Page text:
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Wisconsin Startups See Growth in Investment Levels in 2016

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Wisconsin Startups See Growth in Investment Levels in 2016

137 companies raise more than $276 million in 2016

Aaron HagarBy Aaron Hagar, vice president of entrepreneurship and innovation at the Wisconsin Economic Development Corporation

Investment in Wisconsin’s startup scene has nearly doubled in the past five years, according to a new report from the Wisconsin Technology Council. Companies across numerous industries are finding the investment they need to drive more innovation, launch products and grow their teams with some of the best and brightest minds from Wisconsin and across the globe.

Despite a national trend of slight decreases in venture funding over the past year, Wisconsin saw a significant increase in early-stage investing from 2015 to 2016. In fact, the latest Wisconsin Portfolio Report from WTC revealed that 137 early-stage companies raised capital in 2016, marking a 7 percent increase over the previous year, and approaching twice the number of companies that raised capital in 2011.

The total amount invested in Wisconsin startups also has grown, reaching $276 million in 2016, up 31 percent from $210 million in 2015. In contrast to past years with large investment totals, 2016 did not have one or two very large deals boosting the results. Rather, a larger number of companies brought in investments over $10 million compared to prior years indicating that investors are seeing more good opportunities in Wisconsin.

In addition to increased funding overall, 53 startups brought in $1 million or more in funding in 2016─an increase of 15 percent from 2015 and 39 percent from 2014. The average deal size also increased, reaching $2 million in 2016, up 25 percent from the year before. Investment rounds larger than $1 million are often sourced from sophisticated investor networks and funds rather than earlier rounds supported by “friends and family” investors. These sophisticated investors can also bring networks of contacts and valuable insight to companies as they bring their novel or disruptive technologies forward.

The Wisconsin Technology Council’s report mirrors the results that we have seen from other sources and our internal program analysis. For example, companies enrolled in the Qualified New Business Venture (QNBV) Program reported raising more than $281 million in new funding in 2016. Data from the Pitchbook platform shows that Wisconsin companies attracted more than $275 million in early-stage funding. While there are some differences among the three data sources, the overarching theme is that Wisconsin’s early-stage environment is improving and companies are finding more of the capital they need to move their innovations forward.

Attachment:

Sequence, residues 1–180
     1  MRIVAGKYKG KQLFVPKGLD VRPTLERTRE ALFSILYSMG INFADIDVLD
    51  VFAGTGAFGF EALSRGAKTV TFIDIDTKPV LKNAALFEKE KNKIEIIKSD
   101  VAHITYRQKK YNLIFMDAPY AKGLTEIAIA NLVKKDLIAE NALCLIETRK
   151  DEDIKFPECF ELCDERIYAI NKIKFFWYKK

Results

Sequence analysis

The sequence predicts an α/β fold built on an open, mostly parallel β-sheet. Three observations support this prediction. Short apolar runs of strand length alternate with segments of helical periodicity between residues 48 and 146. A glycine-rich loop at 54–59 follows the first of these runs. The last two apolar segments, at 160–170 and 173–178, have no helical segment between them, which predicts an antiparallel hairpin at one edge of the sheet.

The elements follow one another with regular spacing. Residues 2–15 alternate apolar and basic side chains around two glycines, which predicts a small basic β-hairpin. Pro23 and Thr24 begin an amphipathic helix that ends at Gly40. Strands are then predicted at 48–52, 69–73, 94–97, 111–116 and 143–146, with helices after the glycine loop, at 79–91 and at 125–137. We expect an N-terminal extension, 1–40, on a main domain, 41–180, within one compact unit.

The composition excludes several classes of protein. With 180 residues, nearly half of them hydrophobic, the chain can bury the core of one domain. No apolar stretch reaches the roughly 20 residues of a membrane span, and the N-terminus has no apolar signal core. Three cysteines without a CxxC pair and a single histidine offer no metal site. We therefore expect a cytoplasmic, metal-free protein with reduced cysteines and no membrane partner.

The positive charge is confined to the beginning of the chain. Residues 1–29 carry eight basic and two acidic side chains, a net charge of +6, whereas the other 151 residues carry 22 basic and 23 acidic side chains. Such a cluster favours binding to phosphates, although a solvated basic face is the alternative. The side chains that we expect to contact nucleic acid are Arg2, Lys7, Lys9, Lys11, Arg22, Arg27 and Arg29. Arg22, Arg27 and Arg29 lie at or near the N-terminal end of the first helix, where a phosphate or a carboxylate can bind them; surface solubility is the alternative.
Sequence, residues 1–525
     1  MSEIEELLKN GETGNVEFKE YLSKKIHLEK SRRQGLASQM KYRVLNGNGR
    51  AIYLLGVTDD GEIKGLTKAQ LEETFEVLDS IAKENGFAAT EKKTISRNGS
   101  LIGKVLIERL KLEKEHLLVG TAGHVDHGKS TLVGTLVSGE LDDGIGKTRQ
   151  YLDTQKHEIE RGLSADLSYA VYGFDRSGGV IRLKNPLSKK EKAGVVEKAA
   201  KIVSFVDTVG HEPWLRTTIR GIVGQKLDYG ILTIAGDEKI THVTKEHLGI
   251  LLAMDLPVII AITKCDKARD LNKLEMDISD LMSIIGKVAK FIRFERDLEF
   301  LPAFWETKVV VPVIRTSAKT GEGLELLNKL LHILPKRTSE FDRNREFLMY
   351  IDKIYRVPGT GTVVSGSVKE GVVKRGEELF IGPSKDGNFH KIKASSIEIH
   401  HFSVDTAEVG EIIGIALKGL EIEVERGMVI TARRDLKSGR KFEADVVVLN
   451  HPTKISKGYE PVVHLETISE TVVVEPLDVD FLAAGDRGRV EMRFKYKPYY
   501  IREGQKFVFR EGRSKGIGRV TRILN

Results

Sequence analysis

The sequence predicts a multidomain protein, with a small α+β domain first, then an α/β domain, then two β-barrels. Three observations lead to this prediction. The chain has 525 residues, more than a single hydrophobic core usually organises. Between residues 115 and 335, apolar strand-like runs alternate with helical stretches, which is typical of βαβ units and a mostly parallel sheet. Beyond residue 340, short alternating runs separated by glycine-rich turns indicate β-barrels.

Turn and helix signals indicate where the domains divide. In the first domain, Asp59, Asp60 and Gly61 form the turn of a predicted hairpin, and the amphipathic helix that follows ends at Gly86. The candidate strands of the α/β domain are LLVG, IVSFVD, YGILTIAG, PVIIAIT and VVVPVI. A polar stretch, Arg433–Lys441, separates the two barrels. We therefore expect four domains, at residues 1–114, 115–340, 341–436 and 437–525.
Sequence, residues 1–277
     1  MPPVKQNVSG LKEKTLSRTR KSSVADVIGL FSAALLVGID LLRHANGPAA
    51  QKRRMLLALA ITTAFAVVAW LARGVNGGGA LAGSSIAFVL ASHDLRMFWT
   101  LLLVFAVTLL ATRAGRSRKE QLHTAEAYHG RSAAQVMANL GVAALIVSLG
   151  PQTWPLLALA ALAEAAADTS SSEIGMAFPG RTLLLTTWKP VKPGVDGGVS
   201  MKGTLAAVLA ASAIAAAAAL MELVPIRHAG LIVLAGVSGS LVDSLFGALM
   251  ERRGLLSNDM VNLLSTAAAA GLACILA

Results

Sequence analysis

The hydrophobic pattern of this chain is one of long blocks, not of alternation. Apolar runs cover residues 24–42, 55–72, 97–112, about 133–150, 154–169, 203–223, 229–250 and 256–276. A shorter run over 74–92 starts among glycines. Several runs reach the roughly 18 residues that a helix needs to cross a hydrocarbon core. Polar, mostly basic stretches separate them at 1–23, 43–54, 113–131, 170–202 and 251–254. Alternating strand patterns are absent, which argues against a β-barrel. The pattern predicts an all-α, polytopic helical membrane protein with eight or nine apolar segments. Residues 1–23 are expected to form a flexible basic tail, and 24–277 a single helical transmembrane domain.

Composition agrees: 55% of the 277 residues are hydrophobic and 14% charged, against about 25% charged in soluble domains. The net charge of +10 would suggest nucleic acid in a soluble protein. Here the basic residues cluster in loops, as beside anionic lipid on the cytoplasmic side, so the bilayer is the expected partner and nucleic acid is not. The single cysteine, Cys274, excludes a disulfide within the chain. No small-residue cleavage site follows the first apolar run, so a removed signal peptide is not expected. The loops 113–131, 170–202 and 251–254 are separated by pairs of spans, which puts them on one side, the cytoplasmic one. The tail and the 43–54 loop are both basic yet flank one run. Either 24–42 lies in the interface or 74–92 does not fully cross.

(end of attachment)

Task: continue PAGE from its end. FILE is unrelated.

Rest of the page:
These emerging companies represent a wide variety of industries, including biotechnology, information technology, water, energy, nanotechnology, manufactured products, health technology, and food and beverage. Wisconsin has clear strengths in certain industry sectors as well as strength in its variety of opportunities, which allows for new ideas that cross industry barriers to take root. The opportunity for collaboration and cross-pollination in Wisconsin bodes well for the state’s economic future.

Above and beyond investment numbers, early-stage companies also tend to provide high-wage jobs. Over the past nine years, companies in the QNBV Program have reported average salaries of around $75,000. And while the total number of jobs supported by QNBV companies—more than 1,800—is significant, it is equally important to recognize that these early-stage companies have not yet achieved their full growth potential. So, while the present-day economic impact of these companies is important, it is the long-term impact that we should be most excited about. After all, the next Epic, Johnson Controls, or Jamf Software may have just raised its first dollar.

Buoyed by the ability to attract capital, an increasing number of entrepreneurs and innovators are recognizing that Wisconsin is an attractive place for startups. From an educated workforce, to an excellent quality of life that is a draw to top-notch talent, to cost-effective resources and more, Wisconsin is becoming a destination for entrepreneurs seeking personal and professional fulfillment.

Aaron Hagar is vice president of entrepreneurship and innovation for the Wisconsin Economic Development Corporation, where he leads a team of dedicated professionals with strong relationships within the state’s entrepreneurial community to quickly advance and develop efforts to support Wisconsin’s startups, innovation-based businesses and everyday entrepreneurs